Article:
Tuesday, December 23, 2008

Big-screen monitor

I've been meaning to get a long enough HDMI cable to reach from my laptop to my 62" DLP HDTV but never got around to it. I happened to see one at a great price at, of all places, Big Lots, so now I can use the big screen TV as my second monitor. It makes a very impressive 1920x1080 display when you put anything from a web browser to the demo of Celestia on it.

While I might try playing some computer games on it (a flight simulator on that would be literally dizzying) the main thing I intend to do with it for now is use it as a gamemaster. To start with, it'll be a step up from using the PS3 to display visual aids and maps -- I have more control in zooming in, altering images, putting multiple images at once, etc. The second step will be combat maps; I once worked out a good way to use Paint Shop Pro to do this on a spare LCD monitor, but haven't used that technique in years, and now I can't really figure out how I did it. (I thought it was just the juxtaposition of a raster and a vector layer, but it doesn't seem to work that way.)

But the real big step will be an addition to my IRIS software. This is a little program I put together that automates a lot of the mechanics of running combat using Prism and particularly IRIS, its initiative system.

While the software tracks actions and combat stats and a lot more, it leaves all this for me to see, and the players are a little cut off from it. When someone's action comes up, they often don't know it's coming, and aren't ready. Sometimes they've lost track of the situation their characters are in. This slows things down, which makes combat less engaging, which makes them bored and detached, which makes it more likely that by their next action they'll be even farther removed and less ready to go with an action.

Some of this I can blame on the people at the table (myself included!). We could all make things move twice as fast by having our actions chosen ahead of time (including NPC actions), our dice and skill sheets ready, etc. But we are by disposition very inclined to distraction. Even so, some of the blame falls on the system. Its design lends itself well to an abstracted, idealized situation that isn't very realistic, particularly at the present time with limits in technology. It is more of a criticism than self-praise to say it's ahead of its time; it would make more sense with more pervasive and smart technology, because it'll turn out eventually to be very well suited to a day when pervasive technology facilitating roleplaying games is commonplace. But until then it depends too much on players thinking like me -- which they don't.

This simple $15 cable and a few hours of coding time (which I am very much looking forward to, once time allows) will be I think a very big step, though. It's not an ambitious goal to start. All I will have is a "player's view" of the combat in a separate window I can drag over to the second monitor. It will show the current phase, who's acting, and their status; then a table of all the player characters, when they will act next, and their status; and then details on the status of any one of those player characters I click on (or the one whose action it is). No more than that. But in big, bold letters, plainly visible throughout the combat to everyone.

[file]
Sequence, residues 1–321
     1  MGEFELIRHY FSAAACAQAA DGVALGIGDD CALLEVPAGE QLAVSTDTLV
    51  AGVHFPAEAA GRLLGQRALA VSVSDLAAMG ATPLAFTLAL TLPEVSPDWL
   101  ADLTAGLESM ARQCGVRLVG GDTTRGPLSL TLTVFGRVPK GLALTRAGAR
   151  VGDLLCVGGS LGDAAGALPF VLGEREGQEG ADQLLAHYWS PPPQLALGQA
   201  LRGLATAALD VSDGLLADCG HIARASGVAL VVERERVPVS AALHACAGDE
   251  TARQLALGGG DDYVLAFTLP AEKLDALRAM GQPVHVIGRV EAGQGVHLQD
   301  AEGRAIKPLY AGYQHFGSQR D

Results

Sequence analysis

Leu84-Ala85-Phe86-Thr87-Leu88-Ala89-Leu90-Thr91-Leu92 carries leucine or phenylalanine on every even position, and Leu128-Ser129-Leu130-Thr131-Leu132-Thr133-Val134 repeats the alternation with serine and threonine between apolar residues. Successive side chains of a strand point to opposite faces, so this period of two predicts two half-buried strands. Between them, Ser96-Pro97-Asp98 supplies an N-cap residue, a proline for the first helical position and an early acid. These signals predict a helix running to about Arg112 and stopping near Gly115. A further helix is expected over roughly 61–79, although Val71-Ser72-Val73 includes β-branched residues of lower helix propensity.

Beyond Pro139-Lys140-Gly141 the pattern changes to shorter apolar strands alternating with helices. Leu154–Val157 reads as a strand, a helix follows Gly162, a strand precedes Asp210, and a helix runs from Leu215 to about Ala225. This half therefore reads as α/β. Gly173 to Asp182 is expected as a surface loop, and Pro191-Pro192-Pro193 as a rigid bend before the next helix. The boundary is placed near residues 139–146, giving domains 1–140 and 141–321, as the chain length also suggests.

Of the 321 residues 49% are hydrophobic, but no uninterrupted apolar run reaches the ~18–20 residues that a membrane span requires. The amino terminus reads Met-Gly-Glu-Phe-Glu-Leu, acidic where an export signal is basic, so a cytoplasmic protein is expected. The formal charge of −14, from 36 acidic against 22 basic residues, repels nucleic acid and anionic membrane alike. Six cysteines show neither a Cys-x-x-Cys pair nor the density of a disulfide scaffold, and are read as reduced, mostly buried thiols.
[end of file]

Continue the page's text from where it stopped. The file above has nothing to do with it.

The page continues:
My hope is that this will offer players an opportunity to be more engaged and ready. When your action comes up you know your character's situation, you knew the action was coming, you are hopefully ready to go. Maybe you'll take the next step and have dice and character sheet ready already. And then the vicious cycle may turn to a virtuous cycle: if combat picks up in pace, it becomes more interesting, and that makes people more eager for their next action, and then more ready for it when it comes, and thus combat picks up in pace even more.

Then we'll see what else should go there. The obvious next thing is to make a combat map system integrated with IRIS. Then if you move from point A to point B, you pass through the intervening spots at the appropriate times. All the advantages of highly granular systems like GURPS where a long move is done as a series of independent steps (e.g., you can intercept someone mid-movement) without the disadvantages (e.g., having to take each individual step instead of just declaring one action and letting it carry you there). By the time that's done I'll probably have lots of other ideas.

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